Forty days is a long time. A lot can happen in forty days. You could quit a job, move, and start a new job in forty days. You could take and pass a one-quarter class at Virginia Theological Seminary. You could recover from a serious illness, or conquer a video game. The gestation period of a squirrel is about forty days.
Forty days is a period of time that comes up a lot in the Bible: forty days and forty nights, especially. It’s a holy amount of time, overflowing with symbolism. The church decided centuries ago that there are forty days in Lent, not counting Sundays. Many of us took on some sort of spiritual practice during the forty days of Lent. But now it has been forty days (43 actually) since the Day of Easter.
For Jesus’ disciples, the first forty days after the Resurrection were a sort of anti-Lent. They moved from fear and confusion to sudden joy as Jesus appeared to them at different times and in different ways. We have many stories in our four gospels of the appearances of the resurrected Christ, and they most certainly don’t agree with each other. But how could they? The experience was so deep, so profound, so euphoric that the disciples struggled to describe it at all, let alone try to get their stories straight. Gathering scientific data was not their primary concern. The fact of the matter was that Jesus had been dead, and was now alive! And now the most important thing in the world was to tell everybody.
But they weren’t ready to do so on the very first day. I imagine there was still as much fear as joy during that time, as Jesus came to be among them, showed them his hands, feet and side, blessed them, ate with them, but just as often mysteriously disappeared again. It wasn’t like before, with all of them trooping around the Galilean countryside, following the call of a teacher and healer. He still bore the wounds of crucifixion—nothing in the past had been undone. He had not come back so much as gone forward, and somehow he was beckoning the disciples forward with him.
It may be that by the fortieth day, they were finally starting to get used to the new situation. They would think he was gone, and then he would call to them from the seashore, urging them to cast their nets on the other side of the boat, and then sharing breakfast with them on the beach. They would think he was gone, and then they’d realize he’d been walking beside them for seven miles and they just hadn’t recognized him. He was different. His very body was different, like a hologram that you might mistake for something else if you look from the wrong angle. You had to shift your vision to see him. You had to want to see him. Sometimes believing is seeing.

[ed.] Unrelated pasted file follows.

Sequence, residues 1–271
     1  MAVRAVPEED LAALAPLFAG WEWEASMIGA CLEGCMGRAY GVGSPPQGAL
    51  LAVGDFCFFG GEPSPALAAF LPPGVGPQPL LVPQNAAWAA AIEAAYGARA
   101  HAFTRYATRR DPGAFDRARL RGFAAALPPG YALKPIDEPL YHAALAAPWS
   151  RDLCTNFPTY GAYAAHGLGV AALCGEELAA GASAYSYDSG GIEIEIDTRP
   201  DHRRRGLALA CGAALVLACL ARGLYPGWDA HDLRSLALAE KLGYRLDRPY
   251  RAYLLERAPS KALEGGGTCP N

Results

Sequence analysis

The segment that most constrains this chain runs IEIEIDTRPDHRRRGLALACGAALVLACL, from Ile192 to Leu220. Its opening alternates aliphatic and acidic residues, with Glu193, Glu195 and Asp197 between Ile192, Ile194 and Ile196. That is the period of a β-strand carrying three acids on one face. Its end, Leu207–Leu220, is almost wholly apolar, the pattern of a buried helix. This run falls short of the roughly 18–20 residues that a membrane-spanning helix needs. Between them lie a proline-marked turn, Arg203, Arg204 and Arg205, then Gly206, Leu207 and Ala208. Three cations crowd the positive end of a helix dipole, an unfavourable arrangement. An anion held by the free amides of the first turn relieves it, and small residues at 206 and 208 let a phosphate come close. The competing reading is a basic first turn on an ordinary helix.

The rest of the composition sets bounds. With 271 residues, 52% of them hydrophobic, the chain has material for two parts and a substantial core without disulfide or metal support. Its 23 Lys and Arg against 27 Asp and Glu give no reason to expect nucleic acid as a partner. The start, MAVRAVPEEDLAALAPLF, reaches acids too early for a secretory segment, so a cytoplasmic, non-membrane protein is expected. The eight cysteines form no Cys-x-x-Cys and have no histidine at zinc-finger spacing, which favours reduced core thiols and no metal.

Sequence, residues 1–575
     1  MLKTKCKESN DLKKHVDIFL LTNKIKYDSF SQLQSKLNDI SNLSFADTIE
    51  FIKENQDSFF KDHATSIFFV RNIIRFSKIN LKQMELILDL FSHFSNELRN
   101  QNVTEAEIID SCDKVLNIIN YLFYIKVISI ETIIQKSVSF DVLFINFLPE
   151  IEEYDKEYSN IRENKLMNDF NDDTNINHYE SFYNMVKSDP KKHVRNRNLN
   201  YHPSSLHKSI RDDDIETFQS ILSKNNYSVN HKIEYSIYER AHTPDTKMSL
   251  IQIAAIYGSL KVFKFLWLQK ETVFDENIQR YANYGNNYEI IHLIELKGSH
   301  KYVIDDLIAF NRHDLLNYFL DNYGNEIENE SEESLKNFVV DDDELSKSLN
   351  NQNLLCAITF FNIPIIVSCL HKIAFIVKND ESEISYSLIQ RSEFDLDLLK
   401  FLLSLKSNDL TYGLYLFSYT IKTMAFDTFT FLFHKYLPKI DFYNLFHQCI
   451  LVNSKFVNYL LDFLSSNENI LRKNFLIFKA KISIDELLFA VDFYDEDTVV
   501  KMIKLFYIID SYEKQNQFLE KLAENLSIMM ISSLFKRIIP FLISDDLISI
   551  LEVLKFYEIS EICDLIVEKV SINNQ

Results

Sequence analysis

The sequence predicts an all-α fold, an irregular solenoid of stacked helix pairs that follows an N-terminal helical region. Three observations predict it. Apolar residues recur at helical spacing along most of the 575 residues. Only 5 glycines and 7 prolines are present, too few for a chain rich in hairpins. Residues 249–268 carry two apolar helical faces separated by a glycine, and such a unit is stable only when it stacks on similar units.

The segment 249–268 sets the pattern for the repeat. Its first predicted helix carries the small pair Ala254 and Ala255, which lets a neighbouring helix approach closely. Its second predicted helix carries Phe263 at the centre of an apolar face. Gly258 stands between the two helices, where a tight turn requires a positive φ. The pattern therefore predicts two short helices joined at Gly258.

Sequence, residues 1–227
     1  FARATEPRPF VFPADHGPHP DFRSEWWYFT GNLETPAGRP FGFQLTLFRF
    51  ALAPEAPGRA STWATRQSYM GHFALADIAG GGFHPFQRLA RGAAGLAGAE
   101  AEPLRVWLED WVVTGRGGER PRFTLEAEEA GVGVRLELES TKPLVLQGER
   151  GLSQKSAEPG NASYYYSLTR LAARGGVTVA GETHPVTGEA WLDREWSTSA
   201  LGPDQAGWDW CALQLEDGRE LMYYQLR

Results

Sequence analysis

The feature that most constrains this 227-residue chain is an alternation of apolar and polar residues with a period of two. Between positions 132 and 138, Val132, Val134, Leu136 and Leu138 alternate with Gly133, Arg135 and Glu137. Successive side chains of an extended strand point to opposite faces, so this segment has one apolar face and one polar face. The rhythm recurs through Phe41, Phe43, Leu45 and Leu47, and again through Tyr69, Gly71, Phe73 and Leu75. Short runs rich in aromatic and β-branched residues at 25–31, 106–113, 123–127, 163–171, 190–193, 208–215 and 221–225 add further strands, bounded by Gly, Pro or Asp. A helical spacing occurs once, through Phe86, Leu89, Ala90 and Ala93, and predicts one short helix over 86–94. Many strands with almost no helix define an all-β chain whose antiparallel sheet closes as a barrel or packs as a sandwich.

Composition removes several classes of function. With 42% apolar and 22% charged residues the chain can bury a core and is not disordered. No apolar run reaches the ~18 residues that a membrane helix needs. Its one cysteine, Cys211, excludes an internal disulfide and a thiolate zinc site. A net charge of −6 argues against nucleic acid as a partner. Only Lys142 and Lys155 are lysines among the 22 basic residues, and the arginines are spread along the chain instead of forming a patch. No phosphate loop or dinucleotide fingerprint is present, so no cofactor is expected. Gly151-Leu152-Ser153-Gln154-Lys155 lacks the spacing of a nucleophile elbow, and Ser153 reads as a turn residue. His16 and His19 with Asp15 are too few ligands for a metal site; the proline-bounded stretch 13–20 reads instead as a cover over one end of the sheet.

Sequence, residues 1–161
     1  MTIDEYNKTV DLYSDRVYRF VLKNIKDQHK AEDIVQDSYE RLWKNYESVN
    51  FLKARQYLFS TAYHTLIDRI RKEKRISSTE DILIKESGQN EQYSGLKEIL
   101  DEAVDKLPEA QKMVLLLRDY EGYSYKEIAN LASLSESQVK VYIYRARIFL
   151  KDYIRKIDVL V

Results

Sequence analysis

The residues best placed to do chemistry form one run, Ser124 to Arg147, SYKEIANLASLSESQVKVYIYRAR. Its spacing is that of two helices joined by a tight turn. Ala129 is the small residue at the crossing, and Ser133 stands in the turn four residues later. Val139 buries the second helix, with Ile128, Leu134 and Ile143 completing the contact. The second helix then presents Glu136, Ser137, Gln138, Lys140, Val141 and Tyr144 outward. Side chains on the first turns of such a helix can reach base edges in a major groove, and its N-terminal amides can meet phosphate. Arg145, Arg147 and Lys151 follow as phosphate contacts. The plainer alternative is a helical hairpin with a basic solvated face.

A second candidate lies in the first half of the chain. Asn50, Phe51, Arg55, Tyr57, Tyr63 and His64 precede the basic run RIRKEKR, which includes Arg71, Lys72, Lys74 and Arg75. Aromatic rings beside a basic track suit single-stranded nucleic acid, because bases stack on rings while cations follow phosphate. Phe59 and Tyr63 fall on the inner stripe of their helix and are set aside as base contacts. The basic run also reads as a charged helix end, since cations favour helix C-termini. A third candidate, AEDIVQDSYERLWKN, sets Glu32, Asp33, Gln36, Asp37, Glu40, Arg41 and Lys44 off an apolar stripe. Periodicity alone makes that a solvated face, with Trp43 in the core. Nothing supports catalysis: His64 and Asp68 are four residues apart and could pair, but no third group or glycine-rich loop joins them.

Maybe they were finally getting used to this new Jesus, this resurrected Christ, in all his characteristic strangeness and overwhelming reassurance, when the Day of the Ascension came. It had been forty days. Jesus was raised from the dead. But now, a very odd thing happened. Jesus wasn’t finished yet. He had more to do, and it meant that he would leave them yet again.
“Is this the time?” his friends asked him. “After all your earthly ministry, and after your brutal murder, and after that horrible Friday and Saturday, and after your returning to be with us again, is it finally time for you to reclaim our country for us and be our king?” As usual, even after forty more days and after everything that had happened, the disciples were still asking the wrong question. They had forgotten that it wasn’t the same anymore. Not only was it not the same as before Jesus’ death, but it wasn’t the same as it had been in previous generations. There was to be no return from this exile, no exodus across a river, no re-entering the Garden of Eden. There was to be no retaking of the land from the Romans. Jesus was not going to suddenly transform from a man of peace into a conquering warrior. Yet still, they clung desperately to their preconceived notions of the way things should happen.
But the risen Christ was patient with them—maybe even more patient than he had been before his death. “You don’t need to know,” he said. “You just need to follow these instructions. Go back into the city and wait until you have been clothed with power from on high.” And then he was gone.